Reading difficulty has an outsized effect on a student's ability to be successful in school and in life. Dyslexia is defined as “a brain-based learning disability that specifically impairs a person’s ability to read.” (Stanley & Petscher, 2017) Reading ability can also be impacted by the “lack of education opportunity and appropriate literacy instruction.” (Dundas, 2023) Fortunately, research suggests that early identification and intervention for dyslexia prevents further difficulty for the student. In fact, most states now have dyslexia legislation requiring reading training for teachers and support for struggling students, according to the National Center for Improving Literacy.
This is where a Multi-Tiered System of Supports can benefit students with dyslexia. MTSS is designed to be preventative, using data to identify students at risk of adverse academic, behavioral, or social-emotional outcomes. When MTSS is implemented with fidelity, including quality universal screeners, educators can quickly catch and support those students showing signs of reading difficulty.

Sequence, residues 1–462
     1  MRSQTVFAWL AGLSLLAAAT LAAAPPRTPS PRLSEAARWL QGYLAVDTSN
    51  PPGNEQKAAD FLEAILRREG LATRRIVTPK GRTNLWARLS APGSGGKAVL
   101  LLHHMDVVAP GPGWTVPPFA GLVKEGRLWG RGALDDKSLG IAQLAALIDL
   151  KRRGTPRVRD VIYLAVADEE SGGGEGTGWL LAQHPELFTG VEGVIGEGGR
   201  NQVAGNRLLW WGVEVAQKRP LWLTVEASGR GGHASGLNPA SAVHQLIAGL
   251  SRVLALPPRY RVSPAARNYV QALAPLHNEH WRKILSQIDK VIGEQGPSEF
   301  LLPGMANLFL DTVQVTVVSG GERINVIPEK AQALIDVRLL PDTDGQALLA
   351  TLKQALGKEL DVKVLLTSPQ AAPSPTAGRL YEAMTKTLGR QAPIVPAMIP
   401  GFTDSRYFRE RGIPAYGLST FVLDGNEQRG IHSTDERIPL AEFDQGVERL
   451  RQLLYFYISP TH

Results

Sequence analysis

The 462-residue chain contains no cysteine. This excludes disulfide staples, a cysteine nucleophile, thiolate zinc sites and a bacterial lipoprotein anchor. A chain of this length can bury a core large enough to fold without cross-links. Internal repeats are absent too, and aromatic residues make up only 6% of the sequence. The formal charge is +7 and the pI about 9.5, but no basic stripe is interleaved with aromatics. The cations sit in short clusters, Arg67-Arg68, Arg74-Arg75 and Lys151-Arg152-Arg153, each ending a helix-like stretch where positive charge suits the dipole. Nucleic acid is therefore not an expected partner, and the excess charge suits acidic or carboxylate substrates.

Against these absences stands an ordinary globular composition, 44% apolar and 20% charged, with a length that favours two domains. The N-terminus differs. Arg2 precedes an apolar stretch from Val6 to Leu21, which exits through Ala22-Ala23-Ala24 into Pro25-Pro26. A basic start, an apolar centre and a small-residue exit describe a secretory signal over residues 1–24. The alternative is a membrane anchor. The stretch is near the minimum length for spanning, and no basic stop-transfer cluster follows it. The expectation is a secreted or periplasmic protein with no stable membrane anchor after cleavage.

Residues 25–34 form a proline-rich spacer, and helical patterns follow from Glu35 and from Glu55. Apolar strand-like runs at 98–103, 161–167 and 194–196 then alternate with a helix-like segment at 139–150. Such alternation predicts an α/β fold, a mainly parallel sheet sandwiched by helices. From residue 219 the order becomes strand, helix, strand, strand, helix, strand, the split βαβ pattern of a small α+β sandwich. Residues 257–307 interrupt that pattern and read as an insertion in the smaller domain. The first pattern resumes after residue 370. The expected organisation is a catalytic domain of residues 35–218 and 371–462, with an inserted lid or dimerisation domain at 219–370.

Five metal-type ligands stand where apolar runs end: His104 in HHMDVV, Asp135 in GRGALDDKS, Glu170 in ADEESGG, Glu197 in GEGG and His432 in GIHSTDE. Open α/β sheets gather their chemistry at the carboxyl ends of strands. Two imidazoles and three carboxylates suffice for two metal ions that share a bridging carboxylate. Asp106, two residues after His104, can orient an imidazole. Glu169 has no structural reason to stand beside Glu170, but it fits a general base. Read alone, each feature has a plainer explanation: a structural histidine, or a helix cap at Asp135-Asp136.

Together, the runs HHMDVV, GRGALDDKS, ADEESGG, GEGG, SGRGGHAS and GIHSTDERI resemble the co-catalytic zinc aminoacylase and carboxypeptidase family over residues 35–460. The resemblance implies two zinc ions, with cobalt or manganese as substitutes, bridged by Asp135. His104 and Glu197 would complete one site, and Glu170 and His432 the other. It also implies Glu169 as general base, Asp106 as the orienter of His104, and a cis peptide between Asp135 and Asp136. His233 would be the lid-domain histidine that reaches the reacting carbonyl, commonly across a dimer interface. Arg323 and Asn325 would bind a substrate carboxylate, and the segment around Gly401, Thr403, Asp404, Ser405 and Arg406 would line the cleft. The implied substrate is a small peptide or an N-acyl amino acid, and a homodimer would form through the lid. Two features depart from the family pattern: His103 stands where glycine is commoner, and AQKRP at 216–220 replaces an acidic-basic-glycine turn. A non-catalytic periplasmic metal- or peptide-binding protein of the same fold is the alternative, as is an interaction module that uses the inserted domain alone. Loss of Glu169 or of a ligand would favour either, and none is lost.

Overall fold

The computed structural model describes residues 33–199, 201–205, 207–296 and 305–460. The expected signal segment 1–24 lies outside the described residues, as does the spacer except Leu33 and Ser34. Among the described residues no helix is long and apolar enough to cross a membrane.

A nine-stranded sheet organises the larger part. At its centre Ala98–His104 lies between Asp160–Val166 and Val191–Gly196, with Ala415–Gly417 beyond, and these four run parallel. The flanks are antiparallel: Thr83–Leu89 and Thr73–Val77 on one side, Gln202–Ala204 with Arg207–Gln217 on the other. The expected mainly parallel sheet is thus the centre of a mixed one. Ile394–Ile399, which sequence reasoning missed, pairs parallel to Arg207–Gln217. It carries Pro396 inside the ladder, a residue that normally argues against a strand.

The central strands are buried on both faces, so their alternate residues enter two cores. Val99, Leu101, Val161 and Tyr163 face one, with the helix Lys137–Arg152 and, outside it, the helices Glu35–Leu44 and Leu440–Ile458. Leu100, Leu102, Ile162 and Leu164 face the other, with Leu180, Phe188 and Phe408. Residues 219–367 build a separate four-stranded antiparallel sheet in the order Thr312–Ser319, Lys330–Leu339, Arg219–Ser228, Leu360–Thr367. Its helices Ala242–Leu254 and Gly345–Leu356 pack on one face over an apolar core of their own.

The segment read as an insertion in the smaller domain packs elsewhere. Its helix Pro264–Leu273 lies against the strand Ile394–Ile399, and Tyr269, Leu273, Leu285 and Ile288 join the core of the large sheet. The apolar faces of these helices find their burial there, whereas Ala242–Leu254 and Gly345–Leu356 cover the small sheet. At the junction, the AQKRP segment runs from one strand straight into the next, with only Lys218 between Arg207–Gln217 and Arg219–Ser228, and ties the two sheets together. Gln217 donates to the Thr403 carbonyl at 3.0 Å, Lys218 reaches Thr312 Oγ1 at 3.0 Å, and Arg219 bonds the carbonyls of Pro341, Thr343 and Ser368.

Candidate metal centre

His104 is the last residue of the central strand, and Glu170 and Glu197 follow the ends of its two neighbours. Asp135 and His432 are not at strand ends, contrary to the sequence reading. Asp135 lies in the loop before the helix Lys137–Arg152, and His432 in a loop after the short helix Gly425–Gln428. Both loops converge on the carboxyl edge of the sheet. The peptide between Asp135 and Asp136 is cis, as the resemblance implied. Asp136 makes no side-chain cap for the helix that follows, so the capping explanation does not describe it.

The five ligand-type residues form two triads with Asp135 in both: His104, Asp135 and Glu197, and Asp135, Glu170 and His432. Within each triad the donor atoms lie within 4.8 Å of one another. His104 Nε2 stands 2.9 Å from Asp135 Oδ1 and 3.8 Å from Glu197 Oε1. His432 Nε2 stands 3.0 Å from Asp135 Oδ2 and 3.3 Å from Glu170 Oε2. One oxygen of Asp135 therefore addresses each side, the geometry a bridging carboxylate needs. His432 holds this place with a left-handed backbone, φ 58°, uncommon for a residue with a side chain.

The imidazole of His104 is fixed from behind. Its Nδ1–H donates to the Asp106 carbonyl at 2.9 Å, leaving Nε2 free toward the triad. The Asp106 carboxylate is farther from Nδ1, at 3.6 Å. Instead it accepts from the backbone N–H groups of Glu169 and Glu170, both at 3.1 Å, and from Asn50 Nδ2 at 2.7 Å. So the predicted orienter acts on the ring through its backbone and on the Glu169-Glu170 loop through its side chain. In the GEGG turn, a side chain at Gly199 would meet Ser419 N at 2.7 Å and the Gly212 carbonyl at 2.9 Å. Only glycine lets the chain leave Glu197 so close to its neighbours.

Below are a few ways that MTSS helps students with dyslexia, along with ways that the Branching Minds platform helps educators streamline this work and ensure that no student falls through the cracks.
3 Ways That MTSS Supports Students With Dyslexia
Strong Tier 1 Instruction
With Strong Tier 1 instruction, students all have access to evidence-based and differentiated resources. Explicit, systematic phonics instruction at the younger grade levels fills in any early gaps in language development and keeps students continuing along with peers even if they receive additional Tier 2 interventions. There should be intentional scheduling to ensure students do not miss out on Tier 1 instruction.
Also, with high-quality curriculum materials, such as a structured literacy program, there is explicit instruction around those foundational language skills to build the phoneme-grapheme bridge before other literacy skills. This approach will be the most efficient and effective for all students. “Most children will learn how to read with balanced literacy or whole language programs under ideal conditions — but those approaches reinforce the wrong brain networks which disproportionately affects children with dyslexia or who have not had appropriate educational opportunities.” (Dundas, 2023)